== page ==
3. What do you think is fuelling the growing interest in all things Africa, and why are initiatives such as Pop Up Africa growing in popularity?

I would say that the African community itself is fueling the growth in interest in all things Africa. We are proud of our heritage and social media platforms have enabled us to showcase the beauty of Africa for ourselves. The growth in interest for all things Africa has meant that the demand for initiatives such as Pop Up Africa has grown. Outside of the online space, we as an African community need physical platforms to be able to showcase our arts, products, and food.


4. Running events certainly takes a lot of time and energy, what have you found to be the most rewarding and the most challenging parts of your work?

I love what I do so much and feel blessed to be able to do it but yes it does take up a lot of time and energy! The most rewarding part of what I do is when I see a genuine growth in the brands that I have worked with from being on one of our stalls to being on the shelves of major supermarkets or showcasing to wider audiences.

My proudest business moment to date was being invited by Facebook to plan and co-host an event for makers and digital influencers in Dakar, Senegal, which was a platform for the likes of Facebook’s Chris Cox to understand their users in West Africa and how they use social media to promote their business and African culture to a wider audience.

The most challenging part is when on the odd occasion the footfall is not as busy as you would have liked it to be, as I always set out to give our traders as big an audience as possible for their brand to get wide reach and big level of exposure.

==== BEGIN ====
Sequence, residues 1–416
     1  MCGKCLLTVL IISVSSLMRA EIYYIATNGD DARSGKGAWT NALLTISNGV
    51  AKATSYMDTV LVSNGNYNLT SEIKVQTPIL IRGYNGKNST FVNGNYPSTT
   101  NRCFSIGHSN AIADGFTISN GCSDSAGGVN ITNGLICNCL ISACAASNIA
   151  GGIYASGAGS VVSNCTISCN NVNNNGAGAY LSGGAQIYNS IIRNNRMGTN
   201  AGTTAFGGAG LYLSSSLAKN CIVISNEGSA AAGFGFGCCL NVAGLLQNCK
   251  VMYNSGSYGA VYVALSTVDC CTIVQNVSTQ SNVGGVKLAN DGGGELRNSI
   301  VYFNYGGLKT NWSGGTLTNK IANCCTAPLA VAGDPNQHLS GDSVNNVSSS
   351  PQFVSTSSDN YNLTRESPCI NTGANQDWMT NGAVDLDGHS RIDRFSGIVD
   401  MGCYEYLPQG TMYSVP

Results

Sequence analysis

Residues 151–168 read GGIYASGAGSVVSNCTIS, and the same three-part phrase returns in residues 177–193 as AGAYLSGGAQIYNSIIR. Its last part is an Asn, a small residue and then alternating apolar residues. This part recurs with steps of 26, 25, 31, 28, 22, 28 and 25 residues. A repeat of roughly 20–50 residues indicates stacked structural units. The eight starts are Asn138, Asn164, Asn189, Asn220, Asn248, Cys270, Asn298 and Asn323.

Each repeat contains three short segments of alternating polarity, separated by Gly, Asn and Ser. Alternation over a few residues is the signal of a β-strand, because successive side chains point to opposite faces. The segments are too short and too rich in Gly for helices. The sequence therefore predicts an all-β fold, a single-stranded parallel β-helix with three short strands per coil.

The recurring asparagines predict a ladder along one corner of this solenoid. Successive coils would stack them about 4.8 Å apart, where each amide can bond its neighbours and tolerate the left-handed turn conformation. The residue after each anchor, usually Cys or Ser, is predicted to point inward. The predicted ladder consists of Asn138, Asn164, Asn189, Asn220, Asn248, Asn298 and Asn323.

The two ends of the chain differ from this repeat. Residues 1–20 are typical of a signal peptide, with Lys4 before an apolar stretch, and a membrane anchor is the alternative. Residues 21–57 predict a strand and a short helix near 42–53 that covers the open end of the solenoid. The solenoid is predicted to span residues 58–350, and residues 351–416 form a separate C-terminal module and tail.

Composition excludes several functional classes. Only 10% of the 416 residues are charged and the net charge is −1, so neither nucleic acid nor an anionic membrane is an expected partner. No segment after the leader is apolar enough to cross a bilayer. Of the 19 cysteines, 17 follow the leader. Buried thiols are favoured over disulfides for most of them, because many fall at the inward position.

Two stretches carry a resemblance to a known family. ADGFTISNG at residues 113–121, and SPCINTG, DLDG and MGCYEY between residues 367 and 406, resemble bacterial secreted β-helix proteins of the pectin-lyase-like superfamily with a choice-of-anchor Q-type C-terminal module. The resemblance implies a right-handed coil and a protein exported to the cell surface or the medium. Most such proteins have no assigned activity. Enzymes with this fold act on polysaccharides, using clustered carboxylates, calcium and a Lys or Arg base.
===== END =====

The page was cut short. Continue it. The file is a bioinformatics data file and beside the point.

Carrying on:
Bespoke Binny at Pop Up Africa


5. What do you look for in the retailers/creatives you select to participate at your events and why?

I look for variety. I like to give very new business’ the opportunity to test the market and at the same time it’s nice for them to be amongst others who are further down the line in their business journey so that the newer business’ can network and learn from them.

I don’t like to have too much of the same products or creative skills represented at one event, I’m always excited when I discover something new. This year we had a food stall selling Malagasy food and I was thrilled as I’d never had Malagasy food before. Africa is so vast so it’s important to show that through our events.


6. What advice do you have for those; especially entrepreneurs and start-up brands, who are thinking about taking part in an event like Pop Up Africa but not sure how to prepare, what are the common mistakes to avoid?

You can never be over prepared so if there’s anything that you’re unsure of please ask the organisers ahead of the event. I know that this sounds basic but seriously I have traders ask me questions as they arrive on the morning of the event that have either already been answered in emails ahead of the event and not been read or really should have been asked ahead of the event.

Also, being at these events is not always about the sales that you make on the day but also about the exposure. My pet hate is when traders don’t come fully loaded with information on how people can get in touch or find them after the event.

Another thing to remember is that first impressions and presentation count, I’d advise brands to think about what impression they want people to have of their brand and how they want this to be reflected in their stall presentation on the day.


Pop Up Africa Spitalfields


We thank Jessica for taking the time to chat with us and for further information about Pop Up Africa and future events visit: www.popupafrica.com and you can connect on Social Media Facebook, Instagram @popupafrica, Twitter @popup_africa


– Tapiwa Matsinde


[Image credits. Images shown are sourced from/belong to Pop Up Africa. If downloaded and used elsewhere please credit accordingly.]